JR: It’s an issue with women actors isn’t it—because older parts for women can be hard to come by, in film and television as well as theatre?
KH: There aren’t many roles as we age, but there are great roles for older woman being written, and, you know, Shakespeare has a few of them, too. So I always say, when asked which are the roles I really want to play—you know I get to do Richard the Third this year; this is the third Richard the Third that I’ve done—but if I hang in for 20 years or more, I’ll get to play Elizabeth and Margaret and all these great roles, maybe a couple of times each. And that’s where all these rich characters are. I mean, Tracy Letts gave us Violet and all those sisters—those are roles I look forward to playing if people are still producing it in 10, 20 years.
JR: The vibrator play has eight roles?
KH: I can only think of seven.
JR: How did you assemble the cast?
KH: It’s not totally assembled.…I think I know who’s directing it, but she hasn’t said yes, yes.
JR: I heard that Tony DeBruno demurred.
KH: Tony DeBruno thought a woman’s touch might be better—because all these women have to have orgasms. On stage. But I have people who I’d love to work with, who I think would be great in it; we’ll be talking about that. Doug gave it to me to help figure out, so I’m going to say, “I really want Al [Espinosa] to play this role; I want to play that role; I want this couple to play these roles.”
JR: So Al’s in it; you’re in it…
KH: Al and I are in it—and I really want Erica Sullivan and Barrett O’Brien to do it, too. I hope Mark Bedard will do it. I’m hoping for Kjerstine Rose Anderson to do it. And I have someone else in mind, but I haven’t even talked to her yet, so I don’t want to mention her name. Those are all people I like in general, so if I have to spend time on my day off with them, it’s not the worst thing in the world [laughs].
JR: What’s the attraction for an actor in doing a public reading?
KH: Oftentimes readings are done for new plays, so it’s a wonderful thing to get to have a relationship with a playwright, with a director who’s working closely with that playwright. We often get tucked away in our own worlds, and it’s a great way to meet new people and have a say in some ways and help develop new work. That’s exciting. I’ve been in the Black Swan Lab, so I’ve had that experience working with many playwrights, and one of the benefits is sometimes you get considered for the role when it gets produced. Even if you don’t, you feel a sense of ownership.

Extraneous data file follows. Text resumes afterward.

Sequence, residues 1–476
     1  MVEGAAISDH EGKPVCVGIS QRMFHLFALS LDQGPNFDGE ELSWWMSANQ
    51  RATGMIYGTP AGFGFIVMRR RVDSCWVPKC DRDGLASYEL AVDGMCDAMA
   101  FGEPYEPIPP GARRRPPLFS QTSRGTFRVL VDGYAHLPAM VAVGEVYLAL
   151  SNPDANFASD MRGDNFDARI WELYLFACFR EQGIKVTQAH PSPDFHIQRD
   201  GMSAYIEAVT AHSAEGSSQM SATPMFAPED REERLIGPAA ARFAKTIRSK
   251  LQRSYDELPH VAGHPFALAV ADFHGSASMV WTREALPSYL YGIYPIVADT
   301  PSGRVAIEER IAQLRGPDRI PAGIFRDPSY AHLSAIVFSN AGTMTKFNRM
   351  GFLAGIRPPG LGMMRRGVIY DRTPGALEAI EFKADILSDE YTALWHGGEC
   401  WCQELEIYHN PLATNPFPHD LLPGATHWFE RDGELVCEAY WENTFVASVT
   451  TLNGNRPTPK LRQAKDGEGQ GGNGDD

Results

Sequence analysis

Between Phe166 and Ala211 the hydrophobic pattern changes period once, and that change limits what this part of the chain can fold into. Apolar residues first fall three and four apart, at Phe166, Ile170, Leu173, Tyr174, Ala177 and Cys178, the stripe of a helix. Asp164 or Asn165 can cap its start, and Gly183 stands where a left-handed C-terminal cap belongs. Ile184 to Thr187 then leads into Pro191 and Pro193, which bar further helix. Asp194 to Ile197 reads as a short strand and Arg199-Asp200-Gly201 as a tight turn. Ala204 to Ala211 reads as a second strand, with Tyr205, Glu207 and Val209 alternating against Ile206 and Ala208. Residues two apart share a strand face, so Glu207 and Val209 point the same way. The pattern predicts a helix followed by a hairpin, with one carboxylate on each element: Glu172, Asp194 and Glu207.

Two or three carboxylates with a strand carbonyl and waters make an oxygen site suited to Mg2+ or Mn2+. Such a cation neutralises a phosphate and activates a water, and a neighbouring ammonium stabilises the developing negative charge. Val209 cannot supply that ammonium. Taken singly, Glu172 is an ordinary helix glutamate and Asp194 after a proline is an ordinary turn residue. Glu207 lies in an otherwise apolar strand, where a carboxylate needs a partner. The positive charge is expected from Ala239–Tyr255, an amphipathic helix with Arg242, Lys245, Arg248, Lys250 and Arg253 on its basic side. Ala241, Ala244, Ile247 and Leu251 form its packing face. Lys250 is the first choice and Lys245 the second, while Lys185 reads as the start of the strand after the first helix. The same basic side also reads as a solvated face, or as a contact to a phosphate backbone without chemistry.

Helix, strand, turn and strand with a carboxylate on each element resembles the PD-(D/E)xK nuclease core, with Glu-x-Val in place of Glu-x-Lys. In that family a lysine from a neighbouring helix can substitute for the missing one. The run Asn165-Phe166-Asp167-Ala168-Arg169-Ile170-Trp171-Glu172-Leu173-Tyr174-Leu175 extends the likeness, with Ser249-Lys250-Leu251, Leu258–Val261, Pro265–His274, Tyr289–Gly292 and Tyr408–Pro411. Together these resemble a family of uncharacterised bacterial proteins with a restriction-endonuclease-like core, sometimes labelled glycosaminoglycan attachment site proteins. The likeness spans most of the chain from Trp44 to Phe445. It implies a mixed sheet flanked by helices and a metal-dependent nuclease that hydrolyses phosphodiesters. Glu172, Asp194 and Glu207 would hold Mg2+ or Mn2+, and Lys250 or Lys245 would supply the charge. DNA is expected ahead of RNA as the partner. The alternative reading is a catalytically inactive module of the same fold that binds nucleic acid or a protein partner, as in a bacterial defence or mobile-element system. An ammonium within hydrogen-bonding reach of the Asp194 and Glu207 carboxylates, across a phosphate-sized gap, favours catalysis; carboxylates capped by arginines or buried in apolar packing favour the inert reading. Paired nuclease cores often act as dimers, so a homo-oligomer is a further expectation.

JR: This is the first time you’ve performed for ANPF, is that right?
KH: Yes! I have seen readings during the festival. I’ve had many friends from the [Oregon Shakespeare Festival] and from New York who’ve come into town to do readings. And I’ve talked with Doug about the process of submission—the readers doing the first round and the second round of reading and choosing plays. It’s an awesome way for new playwrights or playwrights who have new work to be heard. And this is a community that’s so fertile with creative energy and can support several theatre companies, a symphony, university theatre, this festival. It’s just a rare thing that a town of this population can support all that, but it does, and it does it well.
JR: How does an organization like Ashland New Plays Festival with a competitive selection of new works contribute to theatre from an actor’s point of view?
KH: Al got to do this reading at ANPF last year of a play about sexual assault in the military, which is so huge right now. Sometimes topical theatre is only producible because the topic is important in this moment. So is that play going to get a full production? Maybe it will; maybe it won’t. But the fact that it has readings, multiple performances, it can seize the moment—and that gets a conversation started. So it’s a matter of issues. It’s also a matter of the development of roles. If it’s a really great play, then we’re creating work. I’m always excited about these big plays because every theatre says, “Yes, give us your two-hander, your four-person, your three-person play.” And Lue Douthit’s always saying, “I want 10 people or more in this play; 10 specific actors or more are needed for this play because that’s what we need.” We need plays that can use all these actors. And I like it when festivals like this one don’t shy away from having a few people up there and doing it.